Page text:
Cleansing Our World Today!
Michael Leavitt shares his thoughts and insights regarding meth decontamination, meth sampling, and inspecting homes for environmental issues and concerns.
Utah Meth Testing Loophole - Good or Bad?
For several years now, it has been well known that there are three main ways to have a home tested for meth, and each has their benefits.
SELF-TESTING - Anybody can test any property by way of self testing. This means you get the test kit online or directly from the lab and you read the instructions and take the sample. The main reason for doing it yourself is to save money. The results will satisfy your curiosity, but it will not be adequate for a real estate negotiation where thousands of dollars in decontamination fees are at stake. There is no mandate for self-test results to be sent to the health Department.
LICENSED DECONTAMINATION SPECIALIST - This would seem like the best option, but if the results are elevated, then they are required by Utah law to report the elevated findings to the local Health Department and decontamination MUST be performed. This may seem like a good option on the surface, but there are drawbacks. First, licensed Decontamination Specialists are not neutral third parties, as they make big fees off the decontamination. Second, they are required by law to report the findings. When they test for a homeowner that understands that if the results are high, then most of the items in the home will get disposed of in the decontamination process. This quickly makes it a tens of thousands of dollar decision. Is it fair for a prospective buyer to thrust the results of the findings upon the homeowner who then is forced to dispose of most of the items in their occupied home? Using a licensed Decontamination Specialist removes any privacy in the testing process.
THIRD PARTY SAMPLER - Neutral third party samplers are trained in the latest protocols for sampling. This ensures that a good sample is provided to the lab. Utah laws do NOT require that an elevated result be reported to authorities. This is a huge bonus when privacy is a concern. This allows a buyer to obtain the information needed, at their own expense, and the findings are as private as they want them to be. Third party testers also have no vested interest in the outcome of the findings because they do not decontaminate and their fee is only for testing.
This raises the question as to whether all elevated meth tests should be required by law to be submitted to the local Health Departments. In 2012, a local Realtor felt this should be the case and he went to KSL to get an expose story done. The news story was published and came and went without much fanfare, but the question remains, should all positive meth test results have to be reported to the Health Department?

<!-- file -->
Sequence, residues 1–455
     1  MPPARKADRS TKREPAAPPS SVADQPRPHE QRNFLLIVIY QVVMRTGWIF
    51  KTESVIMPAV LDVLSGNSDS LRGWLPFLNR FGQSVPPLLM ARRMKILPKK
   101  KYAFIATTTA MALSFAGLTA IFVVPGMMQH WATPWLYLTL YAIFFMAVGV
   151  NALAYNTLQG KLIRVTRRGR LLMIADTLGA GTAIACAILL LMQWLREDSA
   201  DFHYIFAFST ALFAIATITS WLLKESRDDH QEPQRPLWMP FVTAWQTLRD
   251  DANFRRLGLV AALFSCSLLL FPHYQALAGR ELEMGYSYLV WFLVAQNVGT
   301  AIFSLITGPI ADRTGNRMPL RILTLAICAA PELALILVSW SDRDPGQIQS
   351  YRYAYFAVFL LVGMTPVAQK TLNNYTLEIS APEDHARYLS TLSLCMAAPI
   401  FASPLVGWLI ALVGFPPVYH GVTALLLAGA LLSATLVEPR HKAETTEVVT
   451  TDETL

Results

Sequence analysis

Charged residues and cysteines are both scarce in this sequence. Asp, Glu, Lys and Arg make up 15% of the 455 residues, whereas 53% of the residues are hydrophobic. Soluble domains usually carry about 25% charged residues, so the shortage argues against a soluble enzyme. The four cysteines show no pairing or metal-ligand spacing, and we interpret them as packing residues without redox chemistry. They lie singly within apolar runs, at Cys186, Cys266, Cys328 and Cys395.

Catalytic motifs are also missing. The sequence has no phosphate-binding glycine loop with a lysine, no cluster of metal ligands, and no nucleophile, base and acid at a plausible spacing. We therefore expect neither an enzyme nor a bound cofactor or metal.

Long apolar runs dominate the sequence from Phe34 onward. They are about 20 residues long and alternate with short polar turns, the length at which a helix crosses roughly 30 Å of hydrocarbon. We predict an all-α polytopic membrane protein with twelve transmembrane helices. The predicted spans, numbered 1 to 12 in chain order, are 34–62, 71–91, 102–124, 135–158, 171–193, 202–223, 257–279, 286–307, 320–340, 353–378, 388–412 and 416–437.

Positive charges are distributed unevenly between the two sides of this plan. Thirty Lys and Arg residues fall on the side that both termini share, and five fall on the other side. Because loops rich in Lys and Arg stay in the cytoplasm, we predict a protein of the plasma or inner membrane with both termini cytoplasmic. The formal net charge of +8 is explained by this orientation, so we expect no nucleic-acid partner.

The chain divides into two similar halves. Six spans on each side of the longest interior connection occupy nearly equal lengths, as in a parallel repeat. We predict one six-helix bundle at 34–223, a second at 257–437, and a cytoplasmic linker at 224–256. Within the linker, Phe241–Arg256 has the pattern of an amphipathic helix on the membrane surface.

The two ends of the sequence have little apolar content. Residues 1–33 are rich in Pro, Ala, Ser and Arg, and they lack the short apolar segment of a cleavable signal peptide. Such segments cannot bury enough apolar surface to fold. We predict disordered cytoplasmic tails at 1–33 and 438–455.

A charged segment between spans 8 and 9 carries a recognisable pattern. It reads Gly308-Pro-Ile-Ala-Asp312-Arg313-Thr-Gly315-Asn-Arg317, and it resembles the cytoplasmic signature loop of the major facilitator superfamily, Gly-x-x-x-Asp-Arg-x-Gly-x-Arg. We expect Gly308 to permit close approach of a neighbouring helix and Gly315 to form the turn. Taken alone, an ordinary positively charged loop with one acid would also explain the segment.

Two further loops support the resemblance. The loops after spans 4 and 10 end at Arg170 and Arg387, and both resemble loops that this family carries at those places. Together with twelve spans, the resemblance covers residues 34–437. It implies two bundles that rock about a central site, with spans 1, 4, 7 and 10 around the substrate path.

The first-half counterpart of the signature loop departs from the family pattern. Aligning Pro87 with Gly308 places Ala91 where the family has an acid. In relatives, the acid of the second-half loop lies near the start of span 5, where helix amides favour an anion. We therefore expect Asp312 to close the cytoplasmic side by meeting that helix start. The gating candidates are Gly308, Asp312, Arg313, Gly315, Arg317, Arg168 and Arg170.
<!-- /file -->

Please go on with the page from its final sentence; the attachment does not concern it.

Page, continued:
Here is the way KSL reported the story...
Realtor speaks out on meth contamination loophole
By Lori Prichard - June 18th, 2012
SANDY — A realtor is calling on Utah lawmakers to tighten the reporting requirements for methamphetamine contaminated properties.
Brandon Hacker has been selling homes for about three years now. He says he's seeing about one home a month contaminated with meth. But he also says he has a way to cut down on the number of those homes put on the market.
"My test is really for my own self and my buyer," Hacker said. As a realtor, Brandon Hacker is representing his buyer, but he's also helping other prospective buyers by hiring a certified decontamination specialist to test the house for meth.
"With the furnace, if there was any meth smoke in the house at all, the air return system will pick it up and distribute it throughout the house," said Eric Wright, a decontamination specialist.
Wright tested a home on the market in West Valley City for methamphetamine. The house - under contract - is being tested because Hacker says he's seen too many homes contaminated.
but getting tested can help future buyers as well.
"If they get a certified test done, the health department will step in and protect us," Hacker said.
That's exactly what happened for a house in Sandy. Hacker had a buyer, but insisted that they do a meth test. It came back double the legal limit. The results were reported to the Health Department. The house is still for sale, but any buyer is barred from entry until it is cleaned up.
"I don't want this story to be like the previous years where the family with the baby buy the perfect house then the baby gets sick," Hacker said. So I'm stepping forward to say ‘Let's stop this before the family moves in.'"
The law on meth testing in Utah has a loophole: Hacker says if he had done a self-test on the house and not hired a certified specialist like Wright, he's under no obligation to report it to the seller, the state or the next buyer. He could have walked away and no one would have known.
"With inventory low, a lot of (realtors) say ‘I don't want to know, let's hope the next person doesn't want to know either,'" Hacker said.
That underscores the fact that right now in Utah, it's really up to each buyer to do a meth test. But hire a certified specialist to do it. That way you can walk away, but another person won't walk right in and buy it.
As a neutral third party sampler, I can see advantages and disadvantages to both scenarios. I feel it is myopic to think that the privacy issue should be removed and that all elevated test results should have to be reported to the Health Department, regardless of who does the testing.
Michael Leavitt - Orem, Utah - www.TheHomeInspector.com - Michael Leavitt & Co Inspections, Inc.